Do you remember what your child’s teacher did last year that helped them engage in the classroom? Does your child have certain needs that affect their learning or behavior in school? How did your child’s Admission, Review, and Dismissal (ARD) committee decide on the exact accommodations in your child’s latest Individualized Education Program (IEP) or 504 plan?
If you can put records of all that you’ve learned about your child’s education into one organized place, it can help you work with the school district to make sure your child gets the services they need, help you monitor your child’s progress, and be an informed partner in developing an IEP or 504 plan.
Many people find it helpful to create a notebook that is a one-stop-shop for everything related to their children’s education needs. This can be a 3-ring binder or stored on a tablet, computer, or phone.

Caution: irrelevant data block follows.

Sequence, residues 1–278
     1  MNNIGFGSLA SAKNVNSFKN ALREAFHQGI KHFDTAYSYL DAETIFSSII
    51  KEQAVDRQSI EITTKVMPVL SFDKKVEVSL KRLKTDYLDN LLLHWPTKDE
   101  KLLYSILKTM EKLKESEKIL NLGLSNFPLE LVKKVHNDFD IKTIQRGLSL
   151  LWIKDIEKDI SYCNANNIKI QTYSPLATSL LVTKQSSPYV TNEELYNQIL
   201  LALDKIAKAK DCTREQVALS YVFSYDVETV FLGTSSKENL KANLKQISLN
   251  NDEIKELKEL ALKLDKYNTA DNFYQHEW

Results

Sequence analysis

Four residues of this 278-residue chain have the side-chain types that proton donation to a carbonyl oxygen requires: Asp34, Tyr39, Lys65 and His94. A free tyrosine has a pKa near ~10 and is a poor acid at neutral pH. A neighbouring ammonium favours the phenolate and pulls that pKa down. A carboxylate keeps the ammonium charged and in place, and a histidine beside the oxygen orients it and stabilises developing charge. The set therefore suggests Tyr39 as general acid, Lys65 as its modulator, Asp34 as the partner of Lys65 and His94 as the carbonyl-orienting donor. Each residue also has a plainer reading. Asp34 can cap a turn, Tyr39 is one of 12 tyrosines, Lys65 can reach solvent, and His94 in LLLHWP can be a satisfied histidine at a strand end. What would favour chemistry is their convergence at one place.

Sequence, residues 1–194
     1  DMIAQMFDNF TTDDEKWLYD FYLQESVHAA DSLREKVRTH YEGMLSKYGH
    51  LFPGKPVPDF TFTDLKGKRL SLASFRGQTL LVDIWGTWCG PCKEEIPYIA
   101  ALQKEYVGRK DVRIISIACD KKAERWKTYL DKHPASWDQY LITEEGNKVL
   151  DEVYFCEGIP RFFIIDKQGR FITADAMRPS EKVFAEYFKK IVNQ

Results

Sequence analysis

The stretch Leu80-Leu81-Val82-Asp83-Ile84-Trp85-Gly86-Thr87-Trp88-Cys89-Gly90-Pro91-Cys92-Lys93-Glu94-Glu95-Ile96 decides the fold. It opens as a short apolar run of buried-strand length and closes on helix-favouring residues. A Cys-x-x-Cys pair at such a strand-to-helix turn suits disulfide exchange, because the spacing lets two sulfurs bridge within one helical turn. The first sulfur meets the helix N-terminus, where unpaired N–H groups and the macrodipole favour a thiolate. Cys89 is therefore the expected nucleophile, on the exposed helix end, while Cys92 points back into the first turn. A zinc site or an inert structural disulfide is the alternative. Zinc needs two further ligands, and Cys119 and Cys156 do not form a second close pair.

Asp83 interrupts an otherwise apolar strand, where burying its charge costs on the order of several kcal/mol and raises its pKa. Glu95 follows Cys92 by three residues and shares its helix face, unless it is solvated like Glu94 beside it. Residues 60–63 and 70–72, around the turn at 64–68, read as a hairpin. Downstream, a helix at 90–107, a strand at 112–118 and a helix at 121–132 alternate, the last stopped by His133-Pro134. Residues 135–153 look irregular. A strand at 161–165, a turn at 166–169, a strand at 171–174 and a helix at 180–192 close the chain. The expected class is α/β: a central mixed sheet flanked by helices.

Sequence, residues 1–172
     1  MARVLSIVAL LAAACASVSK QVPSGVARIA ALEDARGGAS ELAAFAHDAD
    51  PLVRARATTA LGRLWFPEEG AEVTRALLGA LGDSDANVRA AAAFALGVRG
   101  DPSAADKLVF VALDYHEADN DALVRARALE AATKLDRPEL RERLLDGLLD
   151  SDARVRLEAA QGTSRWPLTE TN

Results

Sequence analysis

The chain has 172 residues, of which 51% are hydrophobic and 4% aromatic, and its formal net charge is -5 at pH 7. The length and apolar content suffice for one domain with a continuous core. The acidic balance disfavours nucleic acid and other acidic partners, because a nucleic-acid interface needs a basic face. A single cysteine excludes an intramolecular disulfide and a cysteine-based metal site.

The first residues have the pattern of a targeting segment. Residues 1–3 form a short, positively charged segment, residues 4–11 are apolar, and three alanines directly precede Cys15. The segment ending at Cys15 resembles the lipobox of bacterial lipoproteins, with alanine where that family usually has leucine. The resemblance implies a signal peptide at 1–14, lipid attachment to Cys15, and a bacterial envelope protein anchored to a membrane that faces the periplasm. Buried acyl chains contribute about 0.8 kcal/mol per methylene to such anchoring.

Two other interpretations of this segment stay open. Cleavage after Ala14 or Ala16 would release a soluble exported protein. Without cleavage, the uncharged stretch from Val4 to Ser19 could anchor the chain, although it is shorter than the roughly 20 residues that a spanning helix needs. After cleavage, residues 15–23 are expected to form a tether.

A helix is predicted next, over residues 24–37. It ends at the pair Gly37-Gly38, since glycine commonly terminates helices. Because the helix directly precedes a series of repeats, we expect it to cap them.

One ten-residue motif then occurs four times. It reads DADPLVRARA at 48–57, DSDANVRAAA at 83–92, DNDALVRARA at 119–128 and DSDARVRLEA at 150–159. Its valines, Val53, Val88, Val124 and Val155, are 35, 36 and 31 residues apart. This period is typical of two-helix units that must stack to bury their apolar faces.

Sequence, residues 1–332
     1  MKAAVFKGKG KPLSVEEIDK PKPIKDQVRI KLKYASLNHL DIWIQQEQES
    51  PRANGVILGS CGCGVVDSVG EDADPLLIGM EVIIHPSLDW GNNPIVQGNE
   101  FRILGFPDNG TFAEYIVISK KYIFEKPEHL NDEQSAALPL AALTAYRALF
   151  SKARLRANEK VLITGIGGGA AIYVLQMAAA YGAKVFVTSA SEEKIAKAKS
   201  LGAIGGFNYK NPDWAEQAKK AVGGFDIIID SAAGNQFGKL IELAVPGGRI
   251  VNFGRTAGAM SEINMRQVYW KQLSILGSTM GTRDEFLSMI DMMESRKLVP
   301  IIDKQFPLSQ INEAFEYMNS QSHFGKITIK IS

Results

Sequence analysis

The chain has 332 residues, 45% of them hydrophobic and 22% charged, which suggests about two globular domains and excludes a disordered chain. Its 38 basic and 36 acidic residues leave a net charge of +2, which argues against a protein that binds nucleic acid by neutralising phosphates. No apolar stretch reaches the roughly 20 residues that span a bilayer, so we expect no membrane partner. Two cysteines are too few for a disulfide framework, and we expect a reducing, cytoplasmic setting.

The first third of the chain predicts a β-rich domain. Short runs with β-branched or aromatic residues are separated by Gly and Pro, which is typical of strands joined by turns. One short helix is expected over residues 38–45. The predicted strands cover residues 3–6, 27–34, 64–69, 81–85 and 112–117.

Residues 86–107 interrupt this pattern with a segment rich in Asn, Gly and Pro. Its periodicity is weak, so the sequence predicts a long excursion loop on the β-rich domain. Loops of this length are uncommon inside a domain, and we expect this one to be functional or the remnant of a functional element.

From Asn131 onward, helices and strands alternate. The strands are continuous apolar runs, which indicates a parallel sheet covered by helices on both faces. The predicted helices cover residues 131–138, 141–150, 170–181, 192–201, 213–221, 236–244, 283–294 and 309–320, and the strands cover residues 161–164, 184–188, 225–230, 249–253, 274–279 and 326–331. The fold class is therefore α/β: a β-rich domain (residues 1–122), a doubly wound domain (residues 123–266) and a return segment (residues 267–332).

This is a lot like the care notebook you might keep for your child’s medical care. Learn more about care notebooks on our Organizing Medical Records page.
The education notebook is a place to keep:
Many teachers also use communication notebooks to tell you how your child does in school each day. This is a book that comes home with your child, and you must read and sign it. It is different from your education notebook, but it might be helpful to include copies of some of the pages from this notebook with your child’s education records.
Keeping all of this in one notebook is helpful for everyone. As your child grows and changes, you will have a clear record of what has been helpful for them and what hasn’t worked.